75 75 Standard IV: Teachers facilitate learning for their students. F. Teachers help students work in teams and develop leadership qualities: Teach the importance of cooperation and collaboration Organize learning teams in order to help students define roles, strengthen social ties, improve communication and collaborative skills, interact with people from different cultures and backgrounds, and develop leadership qualities

76 76 Standard IV: Teachers facilitate learning for their students. G. Teachers communicate effectively: Communicate clearly with students in a variety of ways Assist students in articulating thoughts and ideas clearly and effectively

77 77 Standard IV: Teachers facilitate learning for their students. H. Teachers use a variety of methods to assess what each student has learned: Use multiple indicators, both formative and summative, to evaluate student progress Use assessment systems to inform instruction and demonstrate evidence of students’ 21 st Century knowledge, skills, performance, and dispositions. Provide opportunities for self-assessment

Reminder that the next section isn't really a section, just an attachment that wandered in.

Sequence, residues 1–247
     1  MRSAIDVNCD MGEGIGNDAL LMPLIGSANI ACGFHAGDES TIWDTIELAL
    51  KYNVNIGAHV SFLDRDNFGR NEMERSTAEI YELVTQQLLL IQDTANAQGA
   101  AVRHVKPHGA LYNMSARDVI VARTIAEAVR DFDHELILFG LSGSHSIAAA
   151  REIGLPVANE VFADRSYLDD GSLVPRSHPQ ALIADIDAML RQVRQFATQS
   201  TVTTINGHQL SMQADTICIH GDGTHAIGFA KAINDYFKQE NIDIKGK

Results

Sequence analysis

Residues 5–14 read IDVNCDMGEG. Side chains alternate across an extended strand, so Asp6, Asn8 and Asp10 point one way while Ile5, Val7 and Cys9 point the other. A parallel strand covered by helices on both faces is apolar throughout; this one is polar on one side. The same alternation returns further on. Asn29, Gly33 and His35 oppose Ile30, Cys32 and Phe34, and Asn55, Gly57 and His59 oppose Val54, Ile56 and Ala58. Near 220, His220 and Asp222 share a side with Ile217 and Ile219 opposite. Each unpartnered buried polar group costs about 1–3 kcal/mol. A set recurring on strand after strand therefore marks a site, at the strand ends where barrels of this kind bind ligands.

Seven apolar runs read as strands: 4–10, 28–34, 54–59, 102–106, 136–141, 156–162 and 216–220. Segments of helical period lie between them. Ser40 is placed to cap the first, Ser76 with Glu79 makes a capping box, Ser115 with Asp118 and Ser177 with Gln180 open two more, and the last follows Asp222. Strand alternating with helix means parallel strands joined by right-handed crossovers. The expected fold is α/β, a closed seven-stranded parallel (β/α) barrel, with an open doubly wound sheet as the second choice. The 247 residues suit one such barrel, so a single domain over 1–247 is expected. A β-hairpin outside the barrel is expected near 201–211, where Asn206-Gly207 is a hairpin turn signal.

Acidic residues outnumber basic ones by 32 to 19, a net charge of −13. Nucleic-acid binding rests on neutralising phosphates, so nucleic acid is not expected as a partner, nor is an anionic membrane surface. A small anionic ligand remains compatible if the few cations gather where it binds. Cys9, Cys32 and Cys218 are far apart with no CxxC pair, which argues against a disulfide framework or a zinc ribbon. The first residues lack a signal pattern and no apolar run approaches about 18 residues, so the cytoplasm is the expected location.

78 78 Standard IV Group Activity  What teacher behaviors might you be looking to see for this Standard?  What student behaviors might you be looking to see for this Standard?

79 79

80 80 Standard V: Teachers reflect on their practice. A. Teachers analyze student learning: Think systematically and critically about learning in their classroom: why learning happens and what can be done to improve student achievement Collect and analyze student performance data to improve effectiveness

81 81 Standard V: Teachers reflect on their practice. B. Teachers link professional growth to their professional goals: Participate in continued, high quality professional development

82 82 Standard V: Teachers reflect on their practice. C. Teachers function effectively in a complex, dynamic environment: Actively investigate and consider new ideas that improve teaching and learning Adapt practice based on data

83 83 Reflection  Strategic plan  PD 360  New Standards  Evaluation tools  Teachscape  Waterford  Benchmark  ClassScape  PIMUS  Collaborative Structures How do these district-wide tools support Teacher Standard V?

84 84 Day 2 Professional Learning Communities The Change Process

85 85 The Power of PLC’s The most promising strategy for sustained, substantive school improvement is building the capacity of school personnel to function as a professional community. The path to change in the classroom lies within and through PLC’s. (McLaughlin 2003)